• Donna-I hope you didn’t misinterpret what I said. I love the variety of topics you cover, which makes your posts so interesting and I always looked forward to your Garden Magazine posts as well…they were so original and creative. I also enjoy all the virtual visits to the different gardens you have photographed so beautifully. I just went back to your page and re-visited some…and am especially looking forward to your Maui adventures!

  14. mmwm says:

    I love looking at other gardens, any gardens. And on my blog I have posted visits to Longwood Gardens, Coastal Maine Botanical Gardens, Brookgreen Gardens in SC, local permaculture gardens, and others.

  15. This is an interesting topic, Donna. My gardens are rather limited due to so much shade in my gardens that I don’t want to my blog post to just consist of “shade loving perennials”. I, too, like to blog on other gardens I visit whether that be friends or professional botanical gardens. I think also it’s a great way to get inspiration as well as information on what works and doesn’t work in your local area. I think that variety in a blog post is what appeals to most people. That way if someone is not interested in a specific topic on your post they might find some other tip that they find useful.

  16. Debra says:

    I suspect most people are really drawn to the images on blogs. I am not, though. Beautiful images are a bonus but I am really looking for content. I love reading about people’s connections to the land, stuff they have learned, the beauty (or not) that they experience and the things that get them thinking about … well just about anything. I am even comfortable with reading stuff by people I completely disagree with as long as they are respectful and speaking from the heart. I have only one deal breaker: I lose interest quickly in blogs that are all about selling stuff.

    • Being attracted to images is a subset of readers here. I know I have photographers as followers and they rarely are interested in my garden posts. I know you like the sustainable posts, and they are ones I like doing being an architect. I have worked on many projects on wetlands and places where we have to be sensitive to the environment.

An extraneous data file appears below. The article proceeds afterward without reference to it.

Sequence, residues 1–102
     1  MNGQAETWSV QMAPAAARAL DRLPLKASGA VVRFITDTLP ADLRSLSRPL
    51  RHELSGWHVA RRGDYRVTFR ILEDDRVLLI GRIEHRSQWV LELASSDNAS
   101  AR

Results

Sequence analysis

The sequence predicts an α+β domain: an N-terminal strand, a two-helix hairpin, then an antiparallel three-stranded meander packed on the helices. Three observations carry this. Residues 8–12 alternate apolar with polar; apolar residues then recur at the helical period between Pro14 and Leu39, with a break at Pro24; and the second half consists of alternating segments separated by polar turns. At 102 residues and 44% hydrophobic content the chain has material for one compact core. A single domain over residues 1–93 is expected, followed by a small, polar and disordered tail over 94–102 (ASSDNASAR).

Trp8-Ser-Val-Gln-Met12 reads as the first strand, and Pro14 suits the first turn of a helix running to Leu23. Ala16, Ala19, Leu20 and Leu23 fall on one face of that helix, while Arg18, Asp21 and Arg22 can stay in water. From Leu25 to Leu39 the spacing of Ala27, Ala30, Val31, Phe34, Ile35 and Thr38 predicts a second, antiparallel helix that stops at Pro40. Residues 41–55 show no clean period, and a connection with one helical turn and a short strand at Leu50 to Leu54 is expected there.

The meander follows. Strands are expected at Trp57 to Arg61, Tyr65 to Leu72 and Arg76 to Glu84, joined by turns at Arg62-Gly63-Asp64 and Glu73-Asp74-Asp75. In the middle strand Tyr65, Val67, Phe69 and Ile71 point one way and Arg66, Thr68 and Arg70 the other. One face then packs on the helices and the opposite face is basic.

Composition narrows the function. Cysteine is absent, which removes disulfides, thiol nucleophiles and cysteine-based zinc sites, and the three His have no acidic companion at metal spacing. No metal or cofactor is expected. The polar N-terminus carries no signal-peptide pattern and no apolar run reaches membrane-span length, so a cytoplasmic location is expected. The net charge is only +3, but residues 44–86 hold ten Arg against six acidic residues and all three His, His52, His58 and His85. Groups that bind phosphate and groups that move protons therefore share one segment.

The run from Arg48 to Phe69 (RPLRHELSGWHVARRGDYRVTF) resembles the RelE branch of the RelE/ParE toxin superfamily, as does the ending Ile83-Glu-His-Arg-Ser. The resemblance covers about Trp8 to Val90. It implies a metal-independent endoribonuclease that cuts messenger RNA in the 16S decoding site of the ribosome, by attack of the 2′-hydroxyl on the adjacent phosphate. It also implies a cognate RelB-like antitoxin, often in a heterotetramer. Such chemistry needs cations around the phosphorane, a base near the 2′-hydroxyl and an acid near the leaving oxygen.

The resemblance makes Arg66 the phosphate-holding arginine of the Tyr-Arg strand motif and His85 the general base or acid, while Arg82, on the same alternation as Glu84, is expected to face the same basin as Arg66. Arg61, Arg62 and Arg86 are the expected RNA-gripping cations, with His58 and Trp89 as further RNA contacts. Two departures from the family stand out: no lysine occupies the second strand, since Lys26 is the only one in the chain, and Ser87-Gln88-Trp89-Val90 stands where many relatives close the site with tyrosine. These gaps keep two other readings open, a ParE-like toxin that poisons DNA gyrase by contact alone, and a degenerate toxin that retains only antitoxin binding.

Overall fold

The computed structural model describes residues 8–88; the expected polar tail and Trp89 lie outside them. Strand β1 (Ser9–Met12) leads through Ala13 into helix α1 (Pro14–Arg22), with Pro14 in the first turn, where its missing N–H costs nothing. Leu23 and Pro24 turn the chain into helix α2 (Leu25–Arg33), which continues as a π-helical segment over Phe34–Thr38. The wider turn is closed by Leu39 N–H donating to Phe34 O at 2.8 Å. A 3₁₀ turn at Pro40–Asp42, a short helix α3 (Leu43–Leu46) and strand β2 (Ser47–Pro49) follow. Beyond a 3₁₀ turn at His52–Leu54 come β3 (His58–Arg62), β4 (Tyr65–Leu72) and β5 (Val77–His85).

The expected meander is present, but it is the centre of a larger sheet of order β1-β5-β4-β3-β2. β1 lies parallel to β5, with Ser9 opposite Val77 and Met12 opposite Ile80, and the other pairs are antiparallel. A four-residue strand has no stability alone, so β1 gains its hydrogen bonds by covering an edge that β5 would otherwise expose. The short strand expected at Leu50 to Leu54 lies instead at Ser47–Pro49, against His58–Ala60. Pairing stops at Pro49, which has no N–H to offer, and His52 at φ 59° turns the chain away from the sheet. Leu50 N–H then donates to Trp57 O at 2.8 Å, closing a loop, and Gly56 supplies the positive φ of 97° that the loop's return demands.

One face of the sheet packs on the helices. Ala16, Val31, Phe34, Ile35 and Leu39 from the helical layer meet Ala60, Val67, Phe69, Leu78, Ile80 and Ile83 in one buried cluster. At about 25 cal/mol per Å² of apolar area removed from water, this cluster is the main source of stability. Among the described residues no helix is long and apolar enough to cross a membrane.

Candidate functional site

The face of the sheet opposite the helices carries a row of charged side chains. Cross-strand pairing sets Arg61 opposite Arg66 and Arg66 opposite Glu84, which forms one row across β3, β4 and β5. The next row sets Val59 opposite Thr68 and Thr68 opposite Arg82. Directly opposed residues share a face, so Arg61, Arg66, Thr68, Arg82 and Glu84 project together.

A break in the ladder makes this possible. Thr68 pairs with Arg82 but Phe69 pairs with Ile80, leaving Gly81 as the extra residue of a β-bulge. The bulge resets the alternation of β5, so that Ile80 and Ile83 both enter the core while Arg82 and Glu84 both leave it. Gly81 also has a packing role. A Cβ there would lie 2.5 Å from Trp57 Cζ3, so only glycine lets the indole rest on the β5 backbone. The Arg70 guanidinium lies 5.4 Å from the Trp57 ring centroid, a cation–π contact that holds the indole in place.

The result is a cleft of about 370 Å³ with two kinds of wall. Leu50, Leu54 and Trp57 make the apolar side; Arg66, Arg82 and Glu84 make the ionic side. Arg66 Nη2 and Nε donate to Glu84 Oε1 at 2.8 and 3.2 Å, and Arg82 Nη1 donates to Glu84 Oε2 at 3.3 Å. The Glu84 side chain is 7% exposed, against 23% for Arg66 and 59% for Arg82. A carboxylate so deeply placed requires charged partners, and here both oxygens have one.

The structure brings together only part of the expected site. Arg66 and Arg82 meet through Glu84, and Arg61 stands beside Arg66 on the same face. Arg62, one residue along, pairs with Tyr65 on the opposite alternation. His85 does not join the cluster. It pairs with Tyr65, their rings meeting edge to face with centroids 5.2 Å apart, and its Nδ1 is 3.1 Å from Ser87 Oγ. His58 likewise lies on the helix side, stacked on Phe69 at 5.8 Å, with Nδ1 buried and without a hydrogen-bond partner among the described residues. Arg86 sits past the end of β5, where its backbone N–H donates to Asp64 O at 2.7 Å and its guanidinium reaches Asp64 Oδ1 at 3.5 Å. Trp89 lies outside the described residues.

17. Les says:

    If I didn’t post about places I visit, I’d have nothing to talk about. My small garden has seen some changes through the years, but not enough to keep a blog interesting.

  18. Thank you for those beautiful flower fields, Donna! 🙂

  19. Where I am living now has absolutely no garden. Just bark and grass really. So it is nice to see flowers from other gardens. I love seeing other gardens to learn about the plants. Love your photos. 😀

  20. I do! I like to write about my own garden, though now that I’ve done this for a couple of years I worry that it tends to get repetitive. But also really like to see and read/write about other gardens. Mostly I’ve written about “famous” gardens, but also the gardens from the Fling. Later this year I hope to write a series of posts called ‘There Are the Gardeners in Our Neighborhood”, featuring interesting private gardens in my immediate area. I have a couple of gardens in mind already, in some cases I will have to knock on the front door and introduce myself – but I’m actually looking forward to that.